Monte Carlo PI

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Ever wondered what a quarter of a million points might look like on an Excel chart?

MonteCarloPI.png
I thought this was a nice visualization of the Monte Carlo method, so I decided to share it. It uses over 2 million formulas, so I used VBA to create the formulas when you open the workbook, which takes about 10 seconds on my machine, but saves over 50 MB of file size!

Try varying the number of darts and see how the accuracy of PI is affected. This shows quite clearly that high precision results with the Monte Carlo method require very large samples. Of course an infinite sample size would produce a perfect value for PI... whatever that means ;)

Or try hitting F9 and have the worksheet re-calc.

An interesting display happens when you have the number of darts set to the max (264,000) and you ALT-TAB to another window that completely covers the chart and then ALT-TAB back! Each flash is 32,000 points being drawn on the chart.

Here's the workbook:

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5 Comments

This was a thought provoking example - thanks.

As it shows, Monte Carlo is resource intensive and so a variety of techniques have been invented to get more accuracy from a given sample. One approach here is to consider the specific geometry. If we divide the area into small slices of radius r and angle t (in radians), the area of each slice is A(sector) = r²t/2. So taking a small slice containing a point (x,y) we find that:

A(circular sector)/A(square sector) = max(x²,y²)/(x²+y²).

Averaging this quantity will clearly converge to A(cirle)/A(square)=pi/4. In tests this adds around an extra digit of accuracy to the result.

Also, another option for large plots is illustrated here:
http://img714.imageshack.us/img714/7545/mandelbrot.png
which is really just a data table with conditional formats but is surprisingly effective. Lori

@Lori -

Welcome back.

Glad you liked the post. I had actually thought about making the chart a quarter of a circle which I had figured would only need a quarter of the points (darts) to come to the same result. But in the end, I liked how the whole circle looked.

Thanks for the image for the beautiful mandelbrot!

Regards,

Daniel Ferry
excelhero.com

Yes, I like these examples that push the limits.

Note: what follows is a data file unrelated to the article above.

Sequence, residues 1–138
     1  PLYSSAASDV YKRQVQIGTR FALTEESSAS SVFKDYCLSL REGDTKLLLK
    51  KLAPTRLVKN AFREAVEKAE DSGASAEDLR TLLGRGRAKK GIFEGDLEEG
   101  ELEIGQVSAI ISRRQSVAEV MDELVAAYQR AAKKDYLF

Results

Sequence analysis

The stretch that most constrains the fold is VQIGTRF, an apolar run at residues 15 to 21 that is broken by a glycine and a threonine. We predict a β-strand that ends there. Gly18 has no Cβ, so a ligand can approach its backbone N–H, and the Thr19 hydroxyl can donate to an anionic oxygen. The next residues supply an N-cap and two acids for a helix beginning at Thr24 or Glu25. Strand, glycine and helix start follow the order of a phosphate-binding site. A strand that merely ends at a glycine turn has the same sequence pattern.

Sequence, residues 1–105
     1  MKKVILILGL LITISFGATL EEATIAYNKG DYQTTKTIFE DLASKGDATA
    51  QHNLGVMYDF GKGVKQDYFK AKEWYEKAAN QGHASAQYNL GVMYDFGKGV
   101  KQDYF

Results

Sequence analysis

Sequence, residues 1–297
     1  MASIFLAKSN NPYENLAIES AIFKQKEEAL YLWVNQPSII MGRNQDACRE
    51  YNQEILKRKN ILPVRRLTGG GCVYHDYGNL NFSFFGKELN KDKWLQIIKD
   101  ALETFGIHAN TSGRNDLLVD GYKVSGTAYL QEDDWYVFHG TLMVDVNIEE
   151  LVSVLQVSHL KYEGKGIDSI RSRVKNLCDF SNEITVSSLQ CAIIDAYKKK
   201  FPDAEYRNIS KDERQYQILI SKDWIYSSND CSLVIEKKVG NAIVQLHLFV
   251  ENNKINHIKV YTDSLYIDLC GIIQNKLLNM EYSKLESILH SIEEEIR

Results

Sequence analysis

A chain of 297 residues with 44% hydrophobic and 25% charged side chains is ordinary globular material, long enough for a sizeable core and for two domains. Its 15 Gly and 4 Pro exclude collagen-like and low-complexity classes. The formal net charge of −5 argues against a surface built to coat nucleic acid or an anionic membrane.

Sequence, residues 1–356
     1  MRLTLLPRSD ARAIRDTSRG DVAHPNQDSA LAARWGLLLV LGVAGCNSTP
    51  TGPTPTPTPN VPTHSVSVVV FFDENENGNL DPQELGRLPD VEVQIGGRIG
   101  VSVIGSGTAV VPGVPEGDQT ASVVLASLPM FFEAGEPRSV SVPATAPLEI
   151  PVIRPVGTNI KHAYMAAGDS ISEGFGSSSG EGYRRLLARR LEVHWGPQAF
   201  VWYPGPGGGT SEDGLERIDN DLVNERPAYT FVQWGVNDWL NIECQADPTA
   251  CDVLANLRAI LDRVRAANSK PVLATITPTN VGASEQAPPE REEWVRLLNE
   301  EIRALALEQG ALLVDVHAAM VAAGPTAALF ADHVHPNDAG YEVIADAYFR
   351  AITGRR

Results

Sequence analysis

I should have been clearer in my second point though, I was trying to suggest that in order to overcome some of the charting limitations you could create a plot by using a large grid on the datasheet where each cell is just one pixel. In the mandelbrot example there are over 100,000 cells and 400 iterations per cell, giving 40 million cell calcs plus all the conditional formatting, but it still manages to update in several secs on my pc.

(BTW as i'm sure you're monitoring there's lots of junk links in recent comments.)

@Lori -

Any chance you could send me a copy of that spreadsheet? I'd love to see how it's done, first hand.

Spam is definitely a problem. I'm using MovableType 5.0 for this blog and it gets rid of most of the spam automatically. But unfortunately spam cleaning is a new daily chore of mine (actually, several times a day). I need to find a plugin for MT5 that does a better job...

Regards,

Daniel Ferry
excelhero.com

Sure, here's a link (329k): http://www.mediafire.com/?mzznvqfumfh

Response times could be further improved, on my setup:
Dragging on scroll bar to make selection ~ 3 secs
Zooming in/out with spinner control updates ~ 20 secs
Reducing iterations by deleting cells in columns A and B (in multiples of 10) and setting calculation to automatic except tables helps.

It's actually pretty straightforward, you can break it down by:
a) Selecting the whole sheet and pasting formulas to new workbook
b) Build data table with x and y as row and column inputs.
c) Copy and Paste sheet formatting to new workbook

The main trouble i had was in getting the controls to update independently without needing code. For this i used a trick with the lookup function which was kind of fiddly. Since then i found it's possible to make the references to the controls dynamic by using names such as x_scroll=offset(B315,zoom,0) which would allow you to create a table of scroll settings for each zoom value. I haven't had time to implement this however.

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This page contains a single entry by Daniel Ferry published on March 12, 2010 12:35 PM.

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